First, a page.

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In the 1960s, West Papuans were sacrificed in the name of Cold War politics - and the UN did nothing about it.
London, United Kingdom - Thousands
have taken part in rallies across West Papua and in Australia to mark
the UN Secretary-General's (UNSG) visit to Indonesia, calling on
Ban Ki-moon to revisit UN mistakes that lead to the denial of West
Papuans' right to self-determination and to assist in resolving ongoing human rights abuses in Papua.
UN peacekeeping was at the top of the agenda
of the UNSG's visit to Indonesia on Tuesday. West Papua was not, but
many argue that it should be. After all, West Papuans are asking that
the UN revisit its first -
and flawed - administration of a post-conflict society. Observers
hailed the success of the UN administration of East Timor and its
successful transition to independence.
But few are aware of the UN's failure in its first attempt at
administration in West Papua more than 40 years earlier. East Timor got a
democratic vote. West Papua got a sham vote. East Timor got
independence. West Papua became part of Indonesia - against its will and
in breach of its right to self-determination under the UN Charter.
Had the UN properly discharged its mandate back then, West Papuans
would have celebrated more than 40 years of independence instead of
having endured nearly 50 years of oppression. In that time, it is
estimated that as many as 500,000 Papuans have been killed at the hands
of Indonesian security forces. Yale and Sydney Universities report that
the situation is approaching genocide. Papuan activists campaigning for
self-determination are routinely arrested and jailed for peacefully
expressing their political opinions.
The recent conviction of the Jayapura Five - including Forkorus
Yaboisembut, a Papuan tribal leader - drew international condemnation
from lawyers and human rights groups. Speaking from prison, Yaboisembut - a recognised political prisoner - called upon
Ban Ki-moon to organise peace talks with Indonesia and to use his visit
to Jakarta's new Peacekeeping Centre to negotiate the release of all
political prisoners in Indonesia.
The UNSG made no public supportive comments about West Papua during his visit. But he may have been dissuaded from doing so given the controversy
caused by his comments at the Pacific Islands Forum last September.
Controversy over West Papua
At the Forum, Ban was pressed to support peaceful dialogue between
West Papua and Indonesia, to put an end to human rights violations, and
"to find a strategy to get Indonesia out of a land that isn't theirs".
In response to media questions, Ban said that West Papua should be
discussed at the Decolonisation Committee of the UN General Assembly. He
the UN would "do all to ensure" that human rights will be respected in
West Papua and that "whether you are an independent state or a
non-self-governing territory or whatever, the human right is inalienable
and a fundamental principle of the United Nations".
Ban's comments implicitly recognise that there is a legitimate case
for review of West Papua's legal status, as well as an acknowledgment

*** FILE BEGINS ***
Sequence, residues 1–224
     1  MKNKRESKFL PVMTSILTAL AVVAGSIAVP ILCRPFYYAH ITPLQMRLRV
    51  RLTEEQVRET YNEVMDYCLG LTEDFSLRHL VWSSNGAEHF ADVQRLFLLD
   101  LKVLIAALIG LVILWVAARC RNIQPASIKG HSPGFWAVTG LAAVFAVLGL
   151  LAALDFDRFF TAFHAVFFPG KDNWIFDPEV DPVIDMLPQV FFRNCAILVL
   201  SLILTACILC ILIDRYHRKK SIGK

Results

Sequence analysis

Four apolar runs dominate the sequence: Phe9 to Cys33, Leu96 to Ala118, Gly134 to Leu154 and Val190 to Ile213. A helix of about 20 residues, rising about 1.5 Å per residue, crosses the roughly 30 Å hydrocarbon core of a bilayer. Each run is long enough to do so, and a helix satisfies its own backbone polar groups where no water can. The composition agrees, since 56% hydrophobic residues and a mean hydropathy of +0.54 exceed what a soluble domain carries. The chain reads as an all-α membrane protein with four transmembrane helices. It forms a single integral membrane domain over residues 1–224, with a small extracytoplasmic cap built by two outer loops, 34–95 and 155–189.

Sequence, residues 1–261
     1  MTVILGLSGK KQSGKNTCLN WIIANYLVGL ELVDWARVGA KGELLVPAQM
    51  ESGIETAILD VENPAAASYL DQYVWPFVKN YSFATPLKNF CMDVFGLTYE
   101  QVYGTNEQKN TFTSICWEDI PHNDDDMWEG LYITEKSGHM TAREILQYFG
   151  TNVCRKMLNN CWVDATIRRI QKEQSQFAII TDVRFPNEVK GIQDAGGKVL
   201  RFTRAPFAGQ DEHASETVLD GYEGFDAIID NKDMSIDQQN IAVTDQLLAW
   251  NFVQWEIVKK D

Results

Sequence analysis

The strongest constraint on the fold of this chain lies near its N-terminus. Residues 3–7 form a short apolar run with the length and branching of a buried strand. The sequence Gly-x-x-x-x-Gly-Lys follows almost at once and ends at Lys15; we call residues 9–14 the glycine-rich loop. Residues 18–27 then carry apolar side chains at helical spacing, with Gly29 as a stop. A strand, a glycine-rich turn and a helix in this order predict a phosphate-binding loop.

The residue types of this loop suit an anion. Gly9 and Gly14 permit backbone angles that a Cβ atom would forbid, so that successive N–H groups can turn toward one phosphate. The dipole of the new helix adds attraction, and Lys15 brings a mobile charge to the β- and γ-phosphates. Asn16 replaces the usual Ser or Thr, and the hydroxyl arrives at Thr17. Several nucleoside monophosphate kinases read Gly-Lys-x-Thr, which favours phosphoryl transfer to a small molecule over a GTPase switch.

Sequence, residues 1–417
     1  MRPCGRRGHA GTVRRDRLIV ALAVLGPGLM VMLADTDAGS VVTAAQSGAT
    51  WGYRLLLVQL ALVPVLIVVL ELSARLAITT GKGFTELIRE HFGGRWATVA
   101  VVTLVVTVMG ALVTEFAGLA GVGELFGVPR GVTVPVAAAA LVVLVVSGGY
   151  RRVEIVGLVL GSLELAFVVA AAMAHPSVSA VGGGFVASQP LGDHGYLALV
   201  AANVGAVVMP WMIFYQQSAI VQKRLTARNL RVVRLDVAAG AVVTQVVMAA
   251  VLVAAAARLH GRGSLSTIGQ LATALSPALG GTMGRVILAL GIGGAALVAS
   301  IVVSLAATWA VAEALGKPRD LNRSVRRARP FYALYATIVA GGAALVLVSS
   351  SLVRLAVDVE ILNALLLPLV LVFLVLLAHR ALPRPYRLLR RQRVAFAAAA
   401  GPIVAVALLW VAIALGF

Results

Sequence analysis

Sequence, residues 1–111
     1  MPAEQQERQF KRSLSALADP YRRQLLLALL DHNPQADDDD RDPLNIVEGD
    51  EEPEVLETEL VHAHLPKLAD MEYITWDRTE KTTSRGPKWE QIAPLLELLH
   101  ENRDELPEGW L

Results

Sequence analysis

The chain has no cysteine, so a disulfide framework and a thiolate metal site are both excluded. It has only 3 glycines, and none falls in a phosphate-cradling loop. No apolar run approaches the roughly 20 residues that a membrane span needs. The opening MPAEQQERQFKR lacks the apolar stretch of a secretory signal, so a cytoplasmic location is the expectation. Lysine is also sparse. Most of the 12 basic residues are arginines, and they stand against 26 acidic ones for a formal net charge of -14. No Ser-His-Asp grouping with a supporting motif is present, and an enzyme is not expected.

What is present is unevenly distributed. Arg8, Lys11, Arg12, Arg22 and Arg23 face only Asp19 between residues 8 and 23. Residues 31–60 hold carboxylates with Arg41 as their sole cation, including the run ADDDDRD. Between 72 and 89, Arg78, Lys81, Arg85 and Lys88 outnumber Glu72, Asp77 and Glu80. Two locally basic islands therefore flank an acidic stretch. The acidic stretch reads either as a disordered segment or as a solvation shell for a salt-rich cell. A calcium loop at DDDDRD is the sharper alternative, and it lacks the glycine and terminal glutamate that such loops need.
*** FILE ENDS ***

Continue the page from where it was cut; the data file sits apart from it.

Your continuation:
that there is basis for concern regarding the human rights situation.
West Papuans welcomed Ban's comments in the belief that, after a long history of UN betrayal, the UN may finally act in their interests and protect their rights under the UN Charter.
The UN act in accordance with the UN Charter? Seems a pretty
reasonable expectation. But, sadly, Ban's comments were highly
controversial - representing "a remarkable shift" by the UN chief on West Papua since Ban was "the first head of the UN to come out and say that". Fifteen human rights and social justice movements immediately called on Ban to appoint a special UN representative to investigate alleged human rights violations in West Papua and its political status.
But the shift in position was apparently too radical to countenance.
Days later, and no doubt in response to Indonesian complaints, an
unnamed "Official Spokesperson for the Secretary-General" announced in
New York that his "off-the-cuff response may have led to the
misunderstanding that he was suggesting the matter of Papua should be
placed on the agenda of the Decolonisation Committee. The
Secretary-General wishes to clarify that this was not his intention."
While the correction let stand the UNSG's apparent endorsement of the
need for the UN to "do all to ensure" human rights are protected in West
Papua, no action has yet been taken.
It appears the UN has let West Papua down - and this is not the first time.
The UN's history in West Papua
West Papua is the western half of the island of New Guinea, just 300
km north of Australia. The other, better-known half of the island is the
independent state of Papua New Guinea (PNG). The Melanesian peoples of
West Papua and PNG share similar ethnicities, cultures and religions. It
is merely their different colonial past that sets them apart.
West Papua (then West New Guinea) was colonised by the Dutch, but for
convenience's sake was loosely administered as part of the Dutch East
Indies - modern-day Indonesia. When Indonesia obtained independence
after World War II, West New Guinea remained under Dutch control and was
prepared for independence, as was PNG by Australia. West Papua was a
Dutch colony and Non-Self Governing Territory on the path to
independence. More than 50 years ago, on December 1, 1961, West Papuans
raised their flag and sang their national anthem as they formally
announced their independence from the Dutch.
Soon after, Indonesia invaded with political support and arms from
the USSR. The US - concerned about losing Indonesia to the Russians and
keen to secure lucrative mining contracts - intervened. Under US
pressure, the Dutch agreed to a UN- and US-brokered settlement, the New
York Agreement of 1962, providing for a UN-supervised Indonesian
administration and vote for self-determination by which Papuans could
choose independence or integration with Indonesia.
West Papuans were not consulted.
Under the terms of the agreement, West Papua was transferred by the
Netherlands to a United Nations Temporary Executive Authority (UNTEA).
Between 1962 and 1963, UNTEA had full authority to administer the